Publication Date

February 1, 1998

Perspectives Section

From the Executive Director

The pages of Perspectives this month are filled with insights and models for using digitized materials and the Internet to teach, learn, research, and communicate. Implicit beneath these articles, however, lies a question about the changing nature of relationships between campuses and national or international locations of activity. This question focuses our attention on both a tension and a promise posed not only by the new technology itself, but also by the changing circumstances in which scholar-teachers (including public historians) find themselves.

From the introduction of the Internet, a truism has been that a fundamental clash of cultures would mark its development, counterposing advocates of the "free" flow of information against those who wanted to control content, in terms of both quality and profit making (or, at the least, cost recovery). This clash no doubt still manifests itself as the 'net evolves. But the experiments underway that will affect how historians teach, do research, and communicate with others are not characterized especially by this fundamental clash. Rather, they are marked—in their advances as well as their drawbacks—by the extent to which they are confined within the limitations of campus resources and conceptualizations.

This is a promising time in the exploration of alternative modes of creating and disseminating new knowledge, with fascinating experiments underway from which we all will learn. The experiments, however, are limited to a discouraging extent to the teachers and students on a single campus (in the case of courses), or to the content of a single library or archival collection or list content of a single scholarly press (in the case of scholarship). In part these limitations are due to practical issues: controls over intellectual property rights often confine participants within a single licensee's domain, and it is generally at the campus level that experimenters can most easily convince those who allocate resources that they will be spent to benefit the constituents of that campus. Yet the needs being addressed, and the outcomes of the experiments, will only work to the extent they can reach successfully beyond campus boundaries to the broader community of scholar-teachers (in our case, specifically, historians).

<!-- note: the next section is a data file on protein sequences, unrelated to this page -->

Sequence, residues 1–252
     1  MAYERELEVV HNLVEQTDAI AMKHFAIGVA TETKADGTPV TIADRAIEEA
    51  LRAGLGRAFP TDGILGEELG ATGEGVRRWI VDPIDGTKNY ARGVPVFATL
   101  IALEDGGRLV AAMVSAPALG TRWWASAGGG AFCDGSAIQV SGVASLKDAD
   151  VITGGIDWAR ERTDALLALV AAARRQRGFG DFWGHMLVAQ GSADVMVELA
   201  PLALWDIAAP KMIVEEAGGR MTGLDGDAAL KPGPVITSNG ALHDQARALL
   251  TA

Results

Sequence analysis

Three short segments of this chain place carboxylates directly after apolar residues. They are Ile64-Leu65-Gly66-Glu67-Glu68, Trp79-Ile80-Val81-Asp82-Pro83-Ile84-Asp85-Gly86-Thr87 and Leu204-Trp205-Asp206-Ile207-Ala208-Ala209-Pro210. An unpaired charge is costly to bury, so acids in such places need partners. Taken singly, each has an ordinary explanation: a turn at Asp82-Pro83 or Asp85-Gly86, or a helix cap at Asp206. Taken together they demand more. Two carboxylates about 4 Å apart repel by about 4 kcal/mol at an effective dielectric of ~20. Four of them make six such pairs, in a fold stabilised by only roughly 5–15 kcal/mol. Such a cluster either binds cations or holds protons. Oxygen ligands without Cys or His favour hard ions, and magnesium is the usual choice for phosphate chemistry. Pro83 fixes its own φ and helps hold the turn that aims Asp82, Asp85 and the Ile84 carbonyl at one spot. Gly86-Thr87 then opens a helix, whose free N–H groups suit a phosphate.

Such an important point has been brought home repeatedly in a series of meetings convened over the last nine months. Taken together, these discussions have highlighted the need to develop standards for mounting digitized materials in ways that serve scholarly and learning interests, rather than commercial developers' and infotainment concerns. At a roundtable entitled "Computing and the Humanities" (sponsored by the National Research Council); at a conference on the endangered monograph (cosponsored by the American Council of Learned Societies, the American Association of University Presses, and the Association of Research Libraries); and at a weeklong workshop of history journal editors, the fundamental conclusions drawn were very similar: